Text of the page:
It is reported that American Airlines and British Airways recently revised their contracts of carriage. American’s contract of carriage requires customers to waive their right to participate in a class-action lawsuit against the airline. British Airways requires Executive Club loyalty program members to defer to binding arbitration rather than engage in lawsuits. Frontier and Spirit Airlines already had clauses in their contracts of carriage that prohibit class-action lawsuits.

Air Force’s Reforge Plan Could Put Some Older F-22s in ‘Red Air’ Role

The Air Combat Command wants to cut pilot training time. Gen. Mike Holmes, head of Air Combat Command, signed off on a strategy known as “Rebuilding the Forge,” or “Reforge.” earlier this month. Under the plan, the Air Force looks to reduce the time it takes to train a skilled fighter pilot to about 22 months, half of what it normally takes. They are looking to take some of the Formal Training Unit F-22s (which are used for fundamental skills training) and put them in a combat-coded configuration. With that, more aircraft would be available for pilots to get operational experience earlier in their careers.

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604 Aircraft Storage

The chief commercial officer of one of the largest aircraft maintenance, storage, and reclamation operations explains aircraft storage in light of the large number of airplanes taken out of service. In the news, members of the new Women in Aviation Advisory Board are announced, the fatal Canadian Snowbird crash, the Cessna SkyCourier first flight, airline passenger policies for wearing masks, and Airbus looks to a downsized future.

Guest

Scott Butler

Scott Butler, chief commercial officer, Ascent Aviation Services.

Scott Butler is chief commercial officer of Ascent Aviation Services, one of the largest aircraft storage, maintenance, and reclamation operations in the world. Ascent provides fully integrated aviation maintenance, repair and overhaul (MRO), line maintenance, storage, reclamation, paint, and interior services to owners, operators, and lessors of wide-body, narrow-body, and regional aircraft.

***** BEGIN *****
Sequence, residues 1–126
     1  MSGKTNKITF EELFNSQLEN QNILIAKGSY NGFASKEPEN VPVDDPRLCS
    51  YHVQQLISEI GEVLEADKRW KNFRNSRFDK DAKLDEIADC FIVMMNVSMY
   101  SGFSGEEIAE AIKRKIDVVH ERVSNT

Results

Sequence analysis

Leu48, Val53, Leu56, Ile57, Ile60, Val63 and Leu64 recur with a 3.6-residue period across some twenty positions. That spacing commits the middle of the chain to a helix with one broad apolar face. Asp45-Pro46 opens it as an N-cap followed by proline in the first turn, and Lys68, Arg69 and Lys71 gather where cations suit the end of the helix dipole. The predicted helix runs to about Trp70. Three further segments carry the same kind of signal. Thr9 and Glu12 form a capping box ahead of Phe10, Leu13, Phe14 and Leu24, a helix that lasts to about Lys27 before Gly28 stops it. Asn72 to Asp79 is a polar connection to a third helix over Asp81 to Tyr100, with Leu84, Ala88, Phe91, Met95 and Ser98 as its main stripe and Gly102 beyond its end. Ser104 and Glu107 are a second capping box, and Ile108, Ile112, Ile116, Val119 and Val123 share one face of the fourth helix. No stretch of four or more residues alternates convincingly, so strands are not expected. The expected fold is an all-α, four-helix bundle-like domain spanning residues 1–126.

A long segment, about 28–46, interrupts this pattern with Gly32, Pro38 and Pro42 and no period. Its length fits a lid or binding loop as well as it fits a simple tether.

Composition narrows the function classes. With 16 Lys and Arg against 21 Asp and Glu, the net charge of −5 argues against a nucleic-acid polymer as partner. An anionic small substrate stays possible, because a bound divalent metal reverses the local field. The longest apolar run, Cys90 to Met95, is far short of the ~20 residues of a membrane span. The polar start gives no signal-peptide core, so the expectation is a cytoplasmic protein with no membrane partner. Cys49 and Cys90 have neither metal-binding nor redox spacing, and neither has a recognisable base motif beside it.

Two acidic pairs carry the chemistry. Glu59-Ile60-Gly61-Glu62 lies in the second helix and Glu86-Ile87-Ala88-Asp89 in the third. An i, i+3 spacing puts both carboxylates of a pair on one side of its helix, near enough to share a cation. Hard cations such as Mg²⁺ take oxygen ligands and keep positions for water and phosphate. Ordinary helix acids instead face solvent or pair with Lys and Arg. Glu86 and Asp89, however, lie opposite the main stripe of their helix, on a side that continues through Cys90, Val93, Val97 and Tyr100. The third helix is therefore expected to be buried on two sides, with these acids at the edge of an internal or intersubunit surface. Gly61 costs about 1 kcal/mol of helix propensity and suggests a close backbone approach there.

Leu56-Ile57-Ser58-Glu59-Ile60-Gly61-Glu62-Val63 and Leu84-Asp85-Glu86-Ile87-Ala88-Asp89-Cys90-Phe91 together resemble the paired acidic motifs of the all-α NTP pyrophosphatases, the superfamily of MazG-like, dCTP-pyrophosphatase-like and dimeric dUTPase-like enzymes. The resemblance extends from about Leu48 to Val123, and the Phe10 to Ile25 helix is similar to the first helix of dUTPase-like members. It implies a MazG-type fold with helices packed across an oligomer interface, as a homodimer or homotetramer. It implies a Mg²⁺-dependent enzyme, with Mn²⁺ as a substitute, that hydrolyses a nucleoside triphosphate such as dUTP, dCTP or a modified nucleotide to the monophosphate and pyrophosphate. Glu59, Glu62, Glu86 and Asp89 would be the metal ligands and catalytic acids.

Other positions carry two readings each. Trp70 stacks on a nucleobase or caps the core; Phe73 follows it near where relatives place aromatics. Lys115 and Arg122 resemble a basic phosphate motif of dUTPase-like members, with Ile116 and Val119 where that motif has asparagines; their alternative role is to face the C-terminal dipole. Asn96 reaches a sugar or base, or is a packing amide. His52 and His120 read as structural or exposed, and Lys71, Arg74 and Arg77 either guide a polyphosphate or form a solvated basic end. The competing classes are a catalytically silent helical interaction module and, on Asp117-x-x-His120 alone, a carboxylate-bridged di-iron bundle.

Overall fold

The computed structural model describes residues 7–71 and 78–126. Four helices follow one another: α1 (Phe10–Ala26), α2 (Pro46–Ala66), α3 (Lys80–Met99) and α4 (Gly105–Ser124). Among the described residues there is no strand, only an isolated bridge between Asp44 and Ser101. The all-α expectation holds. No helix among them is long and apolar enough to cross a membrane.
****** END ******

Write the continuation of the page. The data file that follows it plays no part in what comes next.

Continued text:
Ascent Aviation Services currently operates two maintenance facilities in southern Arizona that cover more than 1,250 acres and house 5 hangars.  Now managing over 400 aircraft, the company is a Class IV 14 CFR Part 145 certified Repair Station and maintains approvals and certifications from regulatory authorities globally, including FAA, EASA, BDA/AMO, TCCA, NCAA, and 2-REG.

Aircraft parking and storage are regulator-approved maintenance programs. Scott explains the categories of aircraft storage and describes aircraft preparation and maintenance while in storage:

  • Active parking for aircraft that could be activated within days and put into revenue service quickly. Maintenance includes running the engines, inspections, periodic ops checks, etc.
  • Short-term parking, usually for 1-3 months. Maintenance includes short-term engine and controls preservation, disconnecting batteries, and covering tubes and sensors. Activation might take a few days or a week.
  • Long-term storage, perhaps for up to a year, with an option for storage exceeding one year. Maintenance includes full engine preservation (“pickling”), fluid draining, use of preservation oil, corrosion protection coverings, sealing the landing gear, and animal protection.

We also talk about the reasons for parking or storing aircraft, and the types of aircraft now being stored. Ascent also performs dismantling operations and they are even using drones for dent mapping. Scott comments on the outlook for freighter and specialty conversions, and changes to how cargo is being moved.

Scott is an aviation professional with more than 10 years in the aerospace industry. Prior to joining Ascent Aviation Services as CCO, he was the Director of Sales for Zodiac Aerospace, owned by Safran since February 2018 and offering aerosystems, cabin interiors, and seats.

Scott has held leadership positions in program management, engineering and operations management at TE Connectivity and Rockwell Collins. He holds a degree in Aviation Human Factors and Aerospace Engineering from the University of Illinois at Urbana-Champaign.